When the USTA League championship year ends, tennis players everywhere eagerly await the most highly anticipated time of the year – the moment year-end ratings are published! This is when you’ll know if your NTRP rating stays the same or is adjusted and that can mean a lot for planning your next tennis season.
Adult NTRP ratings are used in leagues and tournaments to group players of similar skill levels; for general information on the rating system, click here.
How are NTRP Year-End ratings calculated?
A Year-End Rating, also known as a Computer Rating, is generated for every player who plays at least three valid matches in either a qualifying USTA League or NTRP Tournaments. USTA Flex Leagues and Flexible Format leagues do not count towards ratings.
When are Year-End ratings published?
They are published each December. The exact date varies from year to year based on National Championship dates.
How is my dynamic rating calculated?
A player’s dynamic ratings, calculated after each match, are not solely contingent on record. They are calculated by an algorithm that considers your rating, your opponent’s rating, the expected outcome of the match, and the actual outcome of the match.
What is the difference between a dynamic rating and a year-end rating?
- Dynamic ratings are not disclosed to players, whereas year-end ratings are published annually at NTRP levels.
- Dynamic ratings are expressed to the one-hundredth of a point, whereas year-end ratings are expressed only to the one-half point.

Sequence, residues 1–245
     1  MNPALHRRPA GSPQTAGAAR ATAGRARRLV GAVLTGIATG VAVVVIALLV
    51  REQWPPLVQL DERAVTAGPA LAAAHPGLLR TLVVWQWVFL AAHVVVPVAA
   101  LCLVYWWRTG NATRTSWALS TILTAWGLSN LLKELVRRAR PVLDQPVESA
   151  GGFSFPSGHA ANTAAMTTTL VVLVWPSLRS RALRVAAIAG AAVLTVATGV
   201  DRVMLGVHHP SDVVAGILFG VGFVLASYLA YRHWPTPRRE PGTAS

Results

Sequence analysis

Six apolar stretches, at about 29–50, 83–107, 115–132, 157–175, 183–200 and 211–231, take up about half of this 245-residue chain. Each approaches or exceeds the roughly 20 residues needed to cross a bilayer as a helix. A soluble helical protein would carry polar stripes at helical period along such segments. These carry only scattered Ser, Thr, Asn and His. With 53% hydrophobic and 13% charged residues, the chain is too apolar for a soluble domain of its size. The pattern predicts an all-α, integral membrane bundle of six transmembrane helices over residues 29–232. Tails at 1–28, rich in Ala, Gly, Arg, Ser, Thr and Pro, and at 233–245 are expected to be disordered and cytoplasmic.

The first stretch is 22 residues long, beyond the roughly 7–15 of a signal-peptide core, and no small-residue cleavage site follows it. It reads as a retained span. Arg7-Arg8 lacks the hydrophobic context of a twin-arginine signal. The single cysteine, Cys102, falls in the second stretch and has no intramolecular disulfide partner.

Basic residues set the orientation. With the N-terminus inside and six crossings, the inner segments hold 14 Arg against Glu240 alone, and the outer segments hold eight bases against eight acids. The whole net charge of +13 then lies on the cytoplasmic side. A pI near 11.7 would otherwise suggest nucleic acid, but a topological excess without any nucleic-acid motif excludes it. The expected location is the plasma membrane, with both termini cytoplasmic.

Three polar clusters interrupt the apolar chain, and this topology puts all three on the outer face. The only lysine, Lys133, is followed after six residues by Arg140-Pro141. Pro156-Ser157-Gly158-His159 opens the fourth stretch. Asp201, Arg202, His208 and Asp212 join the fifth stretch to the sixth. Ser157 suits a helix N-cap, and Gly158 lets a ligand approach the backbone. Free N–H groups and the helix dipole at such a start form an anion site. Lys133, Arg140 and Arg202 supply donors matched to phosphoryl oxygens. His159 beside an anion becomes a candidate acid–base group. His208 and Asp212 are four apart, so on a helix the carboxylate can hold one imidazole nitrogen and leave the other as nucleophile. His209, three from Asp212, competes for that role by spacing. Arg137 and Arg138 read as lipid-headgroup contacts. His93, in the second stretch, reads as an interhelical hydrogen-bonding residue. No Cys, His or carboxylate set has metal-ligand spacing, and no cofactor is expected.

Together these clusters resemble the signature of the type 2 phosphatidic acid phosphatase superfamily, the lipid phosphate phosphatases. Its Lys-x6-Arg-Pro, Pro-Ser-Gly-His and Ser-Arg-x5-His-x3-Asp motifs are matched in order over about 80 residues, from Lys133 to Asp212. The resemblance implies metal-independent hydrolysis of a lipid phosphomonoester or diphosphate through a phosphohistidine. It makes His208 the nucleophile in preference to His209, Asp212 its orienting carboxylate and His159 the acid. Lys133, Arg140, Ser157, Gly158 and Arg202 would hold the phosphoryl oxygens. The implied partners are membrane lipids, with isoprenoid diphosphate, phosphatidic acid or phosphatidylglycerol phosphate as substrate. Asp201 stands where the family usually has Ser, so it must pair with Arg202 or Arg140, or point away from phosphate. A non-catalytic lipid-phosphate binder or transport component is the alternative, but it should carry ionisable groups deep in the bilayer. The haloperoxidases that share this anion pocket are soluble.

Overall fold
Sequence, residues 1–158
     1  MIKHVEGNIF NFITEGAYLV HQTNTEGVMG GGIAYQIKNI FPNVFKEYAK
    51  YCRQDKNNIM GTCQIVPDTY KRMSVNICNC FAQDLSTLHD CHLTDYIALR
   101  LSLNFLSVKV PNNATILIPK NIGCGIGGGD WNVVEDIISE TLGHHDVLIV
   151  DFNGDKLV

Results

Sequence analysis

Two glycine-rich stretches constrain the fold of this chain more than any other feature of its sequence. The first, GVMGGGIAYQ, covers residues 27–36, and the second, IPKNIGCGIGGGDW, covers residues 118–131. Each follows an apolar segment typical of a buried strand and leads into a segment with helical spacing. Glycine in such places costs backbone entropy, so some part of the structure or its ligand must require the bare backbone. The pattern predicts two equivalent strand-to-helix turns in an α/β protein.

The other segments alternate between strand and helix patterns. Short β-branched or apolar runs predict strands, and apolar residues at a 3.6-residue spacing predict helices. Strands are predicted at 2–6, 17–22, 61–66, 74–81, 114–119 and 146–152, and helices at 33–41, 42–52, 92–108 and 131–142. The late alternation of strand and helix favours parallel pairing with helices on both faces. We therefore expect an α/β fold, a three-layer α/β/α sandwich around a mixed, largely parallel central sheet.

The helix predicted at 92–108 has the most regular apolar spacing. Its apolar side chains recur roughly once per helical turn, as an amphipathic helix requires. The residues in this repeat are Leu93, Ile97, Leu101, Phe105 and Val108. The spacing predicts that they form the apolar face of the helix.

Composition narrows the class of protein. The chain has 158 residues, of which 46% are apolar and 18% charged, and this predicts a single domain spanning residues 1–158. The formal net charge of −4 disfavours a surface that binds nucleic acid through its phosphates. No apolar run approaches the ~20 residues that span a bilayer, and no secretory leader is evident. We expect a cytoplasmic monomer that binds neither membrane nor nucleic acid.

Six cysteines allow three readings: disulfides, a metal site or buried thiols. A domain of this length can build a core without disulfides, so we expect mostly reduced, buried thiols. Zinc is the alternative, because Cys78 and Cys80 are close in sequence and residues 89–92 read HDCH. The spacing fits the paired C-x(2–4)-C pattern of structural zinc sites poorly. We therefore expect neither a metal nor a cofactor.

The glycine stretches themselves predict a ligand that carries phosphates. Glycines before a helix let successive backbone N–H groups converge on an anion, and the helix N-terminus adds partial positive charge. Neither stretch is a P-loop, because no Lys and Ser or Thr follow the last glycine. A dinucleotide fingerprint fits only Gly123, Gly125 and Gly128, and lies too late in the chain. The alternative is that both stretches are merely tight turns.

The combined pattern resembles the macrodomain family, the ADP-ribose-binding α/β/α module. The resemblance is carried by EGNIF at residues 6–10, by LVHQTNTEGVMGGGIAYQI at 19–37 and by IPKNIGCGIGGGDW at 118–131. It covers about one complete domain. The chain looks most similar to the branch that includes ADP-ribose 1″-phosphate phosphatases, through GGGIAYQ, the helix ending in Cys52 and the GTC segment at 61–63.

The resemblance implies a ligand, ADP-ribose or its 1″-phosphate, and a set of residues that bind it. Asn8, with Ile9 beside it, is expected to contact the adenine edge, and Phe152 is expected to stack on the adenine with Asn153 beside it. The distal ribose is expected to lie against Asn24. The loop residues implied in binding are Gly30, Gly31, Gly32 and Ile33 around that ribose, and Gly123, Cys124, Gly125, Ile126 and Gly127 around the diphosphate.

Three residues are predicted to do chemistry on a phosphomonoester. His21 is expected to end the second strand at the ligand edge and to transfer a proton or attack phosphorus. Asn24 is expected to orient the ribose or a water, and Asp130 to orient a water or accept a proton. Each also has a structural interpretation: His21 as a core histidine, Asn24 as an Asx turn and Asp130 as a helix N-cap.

- Dynamic ratings are calculated nightly, whereas year end ratings are based on a combination of a player’s cumulative match results throughout the year.
What is the difference between NTRP year-end rating and ITF World Tennis Number?
NTRP year-end rating is a static rating, released once a year, which is useful for a season-long competition like USTA Leagues. The ITF World Tennis Number (WTN) is a rating that allows you to track your progress in real time and encompasses all reported competitive play results including USTA Leagues, tournaments, and non-USTA events. For more information on WTN, click here.
Why did USTA Mid-Atlantic decide to change my rating?
All NTRP ratings are generated by a computer using a very advanced algorithm. Whether your NTRP level increases, decreases or stays the same, that information was calculated by a computer using your match play results.
My NTRP Year-End Rating has changed. How do I find a team at my new level?
We can help! USTA Mid-Atlantic offers Tennis Connect, a service that can match up players and captains. Simply click here, and we’ll help you find the right match for a team in your area.
Interested in being a Captain? You don’t have to wait around to find a team! You can form your own team by signing up to be a League Captain. Complete this form and we’ll help get you set up and choose the team feature (Open, Closed, and Closed but Seeking) that’s best for you.
My NTRP was bumped up. I am nervous about playing at a new level and leaving my team. What’s next for me?
CONGRATULATIONS! You have worked hard to get to this point and should be proud of what you have accomplished! This is an opportunity for you to meet new people and take your tennis to the next level. Your next step is to find a team at your new rating. Remember, we can help you through our Tennis Connect service.
Miss your previous teammates? Don’t forget we offer a variety of combined rating leagues that will give you an opportunity to stay connected to your old crew.
My NTRP was bumped down and I am disappointed. Any advice?